How did this grant help your organization and the pets in your care?

We received the grant right on time to help us secure a larger facility for our rescue dogs. This new facility is in a central location which is easy for adopters and volunteers to get to, and can house many more dogs than our previous location. In fact, we were immediately able to save 6 additional death row dogs which included 2 seniors.

How many pets did this grant help?

This grant has helped over 40 dogs to date.

Please provide a story of one or more specific pets this grant helped.

Daddy is a 6 year old Cane Corso mix. He was surrendered to the shelter by his owner, for reasons unknown. Being quite charming and loveable, he became a volunteer favorite. However, due to his age and being listed as a “pit bull mix,” no adopters expressed any interest in this big boy and he was running out of time very quickly. Because we now had the extra space, we were able to save Daddy and bring him in to rescue. He still hasn’t found a home, but has lots of interest from adopters and we know it’s just a matter of time until we find his perfect forever home! We love him dearly and are so happy we were able to save him.

Rikki\'s Refuge, a division of Life Unlimited of Virginia, Inc: Shelter Challenge Grant Report

What was the money or product used for?

We used the funds for medical bills for two residents and allowing us to accept an animal we otherwise would not have had the money for.rnrnYour gracious grant was used to help three animals in our care. Sampson, who was born with bad knees that would not bend, making it hard for him to get around. He needed major surgery in both knees. One had been done and we were trying to raise the money for the second. We were short and your grant enabled him to have the surgery. He\’s healed nicely and has been adopted by a family with a five year old boy, who\’s his best friend now.rnrnYour grant gave us the needed funds to take in an animal, Oscar, that another rescue was going to euthanize because he has diabetes. He came to live at Rikki\’s Refuge and you provided him the initial care at our vet\’s and his first bottle of insulin. He\’\’ live the rest of his natural life with us. Unless this elderly man is able to get adopted!! Considers he bites when he gets his insulin shots twice a day …. It\’s probably a given that he\’ll life with us !!rnrnWe spent the remaining funds from your grant to help with the surgery bills of Dawn. One of our residents who is slightly retarded but just as lovable as possible. A volunteer working in her area left an old tarp laying about and she ate part of it. Her surgery was successful and she\’s just as fine and lovable as ever.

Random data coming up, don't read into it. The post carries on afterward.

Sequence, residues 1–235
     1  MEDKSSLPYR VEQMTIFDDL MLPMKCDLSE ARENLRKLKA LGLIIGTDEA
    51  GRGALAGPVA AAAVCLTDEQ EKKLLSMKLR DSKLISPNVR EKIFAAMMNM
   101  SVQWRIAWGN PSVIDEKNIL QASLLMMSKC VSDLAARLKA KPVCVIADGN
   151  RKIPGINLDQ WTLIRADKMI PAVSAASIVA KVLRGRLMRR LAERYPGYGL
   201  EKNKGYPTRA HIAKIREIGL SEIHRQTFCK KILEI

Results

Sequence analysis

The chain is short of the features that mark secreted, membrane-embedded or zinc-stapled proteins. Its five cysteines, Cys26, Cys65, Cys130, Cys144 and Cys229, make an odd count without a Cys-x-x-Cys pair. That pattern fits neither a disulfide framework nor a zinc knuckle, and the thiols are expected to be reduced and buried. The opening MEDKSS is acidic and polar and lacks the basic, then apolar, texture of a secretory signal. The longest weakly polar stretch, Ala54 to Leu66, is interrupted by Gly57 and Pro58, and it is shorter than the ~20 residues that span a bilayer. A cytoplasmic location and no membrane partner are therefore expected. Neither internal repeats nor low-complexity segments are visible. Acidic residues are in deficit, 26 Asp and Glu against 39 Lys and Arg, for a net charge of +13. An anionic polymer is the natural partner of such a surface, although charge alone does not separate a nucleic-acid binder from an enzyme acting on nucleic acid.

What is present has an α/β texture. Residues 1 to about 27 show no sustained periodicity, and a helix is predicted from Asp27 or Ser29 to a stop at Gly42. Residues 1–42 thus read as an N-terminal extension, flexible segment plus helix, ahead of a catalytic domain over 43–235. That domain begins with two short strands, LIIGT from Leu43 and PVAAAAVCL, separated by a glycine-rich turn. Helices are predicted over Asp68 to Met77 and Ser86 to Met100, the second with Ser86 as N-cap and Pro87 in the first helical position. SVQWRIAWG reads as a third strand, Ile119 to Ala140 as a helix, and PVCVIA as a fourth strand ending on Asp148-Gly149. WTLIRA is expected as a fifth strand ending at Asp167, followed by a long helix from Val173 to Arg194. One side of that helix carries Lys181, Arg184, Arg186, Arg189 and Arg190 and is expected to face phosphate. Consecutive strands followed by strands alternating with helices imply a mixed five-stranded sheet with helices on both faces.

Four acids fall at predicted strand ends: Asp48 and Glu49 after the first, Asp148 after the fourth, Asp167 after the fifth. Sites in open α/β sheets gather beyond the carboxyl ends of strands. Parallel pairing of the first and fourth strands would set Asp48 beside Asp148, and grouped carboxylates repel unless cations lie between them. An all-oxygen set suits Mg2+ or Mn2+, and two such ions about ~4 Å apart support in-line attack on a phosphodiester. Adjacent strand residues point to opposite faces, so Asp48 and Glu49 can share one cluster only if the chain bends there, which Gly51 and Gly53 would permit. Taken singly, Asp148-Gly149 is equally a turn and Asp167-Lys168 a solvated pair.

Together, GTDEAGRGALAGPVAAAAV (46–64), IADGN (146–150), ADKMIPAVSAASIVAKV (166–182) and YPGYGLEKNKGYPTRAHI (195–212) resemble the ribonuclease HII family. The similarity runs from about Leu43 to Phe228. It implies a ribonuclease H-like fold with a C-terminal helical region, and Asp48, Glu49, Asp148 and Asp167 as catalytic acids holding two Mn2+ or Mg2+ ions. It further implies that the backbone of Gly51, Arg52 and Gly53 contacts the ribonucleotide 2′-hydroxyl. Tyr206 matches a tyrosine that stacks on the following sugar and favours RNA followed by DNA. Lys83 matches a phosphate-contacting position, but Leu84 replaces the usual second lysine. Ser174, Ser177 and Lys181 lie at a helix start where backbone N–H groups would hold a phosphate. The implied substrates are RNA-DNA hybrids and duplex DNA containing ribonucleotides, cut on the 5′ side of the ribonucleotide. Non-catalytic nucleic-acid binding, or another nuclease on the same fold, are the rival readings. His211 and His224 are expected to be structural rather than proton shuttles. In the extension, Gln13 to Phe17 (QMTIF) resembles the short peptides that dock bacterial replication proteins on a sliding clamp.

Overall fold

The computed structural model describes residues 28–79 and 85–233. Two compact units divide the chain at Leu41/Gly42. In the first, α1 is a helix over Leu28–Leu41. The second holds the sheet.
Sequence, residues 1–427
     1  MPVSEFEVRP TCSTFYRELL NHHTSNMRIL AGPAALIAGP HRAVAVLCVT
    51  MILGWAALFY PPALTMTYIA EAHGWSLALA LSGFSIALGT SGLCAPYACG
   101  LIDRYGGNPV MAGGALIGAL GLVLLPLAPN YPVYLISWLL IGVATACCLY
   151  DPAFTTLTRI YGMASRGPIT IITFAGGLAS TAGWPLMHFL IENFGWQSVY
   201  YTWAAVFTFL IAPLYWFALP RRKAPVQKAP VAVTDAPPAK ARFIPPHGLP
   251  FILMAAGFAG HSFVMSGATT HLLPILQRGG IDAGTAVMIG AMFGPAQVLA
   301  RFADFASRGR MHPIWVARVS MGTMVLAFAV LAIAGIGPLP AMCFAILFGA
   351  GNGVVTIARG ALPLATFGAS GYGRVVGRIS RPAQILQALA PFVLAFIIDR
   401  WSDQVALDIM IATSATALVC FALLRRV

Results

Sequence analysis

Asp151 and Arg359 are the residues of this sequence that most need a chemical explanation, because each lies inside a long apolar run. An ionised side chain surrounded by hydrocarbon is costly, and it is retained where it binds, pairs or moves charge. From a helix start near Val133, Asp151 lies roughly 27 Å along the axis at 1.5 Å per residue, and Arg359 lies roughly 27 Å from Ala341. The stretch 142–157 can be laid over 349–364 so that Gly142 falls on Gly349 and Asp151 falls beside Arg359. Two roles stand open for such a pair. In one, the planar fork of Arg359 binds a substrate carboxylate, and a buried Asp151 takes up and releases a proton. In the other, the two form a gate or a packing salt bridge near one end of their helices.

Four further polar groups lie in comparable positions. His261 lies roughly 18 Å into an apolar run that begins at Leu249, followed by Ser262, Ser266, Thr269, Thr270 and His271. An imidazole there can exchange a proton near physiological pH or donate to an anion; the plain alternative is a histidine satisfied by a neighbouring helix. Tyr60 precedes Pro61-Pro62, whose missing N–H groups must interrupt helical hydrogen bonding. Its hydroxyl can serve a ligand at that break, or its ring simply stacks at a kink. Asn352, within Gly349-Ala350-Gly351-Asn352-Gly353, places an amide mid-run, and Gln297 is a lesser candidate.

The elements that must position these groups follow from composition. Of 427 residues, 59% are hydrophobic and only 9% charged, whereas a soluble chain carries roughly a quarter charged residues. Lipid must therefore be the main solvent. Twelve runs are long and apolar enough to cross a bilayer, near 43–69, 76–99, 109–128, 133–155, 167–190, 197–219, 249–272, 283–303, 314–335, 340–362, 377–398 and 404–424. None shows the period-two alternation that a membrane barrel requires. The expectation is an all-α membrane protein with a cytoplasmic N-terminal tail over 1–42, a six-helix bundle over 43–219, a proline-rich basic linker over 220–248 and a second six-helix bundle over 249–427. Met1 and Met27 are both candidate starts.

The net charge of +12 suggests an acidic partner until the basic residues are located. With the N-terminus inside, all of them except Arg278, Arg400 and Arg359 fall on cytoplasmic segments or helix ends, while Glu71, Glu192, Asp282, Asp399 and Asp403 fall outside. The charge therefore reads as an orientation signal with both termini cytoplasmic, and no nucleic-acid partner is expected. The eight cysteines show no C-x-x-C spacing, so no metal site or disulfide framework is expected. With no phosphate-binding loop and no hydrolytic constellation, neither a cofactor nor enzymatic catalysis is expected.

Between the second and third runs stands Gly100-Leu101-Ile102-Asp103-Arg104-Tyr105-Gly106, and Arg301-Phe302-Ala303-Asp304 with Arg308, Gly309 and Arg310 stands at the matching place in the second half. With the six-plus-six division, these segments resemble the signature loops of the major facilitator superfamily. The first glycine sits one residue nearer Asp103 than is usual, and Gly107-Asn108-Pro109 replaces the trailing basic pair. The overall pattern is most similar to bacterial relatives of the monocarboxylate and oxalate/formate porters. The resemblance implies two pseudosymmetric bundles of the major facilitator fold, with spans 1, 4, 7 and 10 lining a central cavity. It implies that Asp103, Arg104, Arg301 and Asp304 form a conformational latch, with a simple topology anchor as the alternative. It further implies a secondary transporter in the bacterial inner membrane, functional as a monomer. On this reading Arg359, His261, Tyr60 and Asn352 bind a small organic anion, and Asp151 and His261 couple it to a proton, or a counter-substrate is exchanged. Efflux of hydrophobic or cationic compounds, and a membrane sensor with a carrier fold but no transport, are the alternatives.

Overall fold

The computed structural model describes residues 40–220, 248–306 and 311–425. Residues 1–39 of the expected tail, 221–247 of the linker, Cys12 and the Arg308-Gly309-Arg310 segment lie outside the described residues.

How did this grant help your organization and the pets in your care?

Your gracious grant was used to help three animals in our care. Sampson, who was born with bad knees that would not bend, making it hard for him to get around. He needed major surgery in both knees. One had been done and we were trying to raise the money for the second. We were short and your grant enabled him to have the surgery. He\’s healed nicely and has been adopted by a family with a five year old boy, who\’s his best friend now.rnrnYour grant gave us the needed funds to take in an animal, Oscar, that another rescue was going to euthanize because he has diabetes. He came to live at Rikki\’s Refuge and you provided him the initial care at our vet\’s and his first bottle of insulin. He\’\’ live the rest of his natural life with us. Unless this elderly man is able to get adopted!! Considers he bites when he gets his insulin shots twice a day …. It\’s probably a given that he\’ll life with us !!rnrnWe spent the remaining funds from your grant to help with the surgery bills of Dawn. One of our residents who is slightly retarded but just as lovable as possible. A volunteer working in her area left an old tarp laying about and she ate part of it. Her surgery was successful and she\’s just as fine and lovable as ever.